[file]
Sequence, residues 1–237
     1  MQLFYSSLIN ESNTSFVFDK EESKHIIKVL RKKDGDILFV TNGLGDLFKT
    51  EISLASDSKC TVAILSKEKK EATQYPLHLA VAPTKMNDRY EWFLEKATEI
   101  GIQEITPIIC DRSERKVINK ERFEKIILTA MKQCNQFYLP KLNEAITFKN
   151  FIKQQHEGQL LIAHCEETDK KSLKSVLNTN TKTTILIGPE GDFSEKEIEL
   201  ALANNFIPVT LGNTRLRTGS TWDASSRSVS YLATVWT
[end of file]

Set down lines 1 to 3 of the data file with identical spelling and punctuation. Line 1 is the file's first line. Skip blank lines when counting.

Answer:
Sequence, residues 1–237
     1  MQLFYSSLIN ESNTSFVFDK EESKHIIKVL RKKDGDILFV TNGLGDLFKT
    51  EISLASDSKC TVAILSKEKK EATQYPLHLA VAPTKMNDRY EWFLEKATEI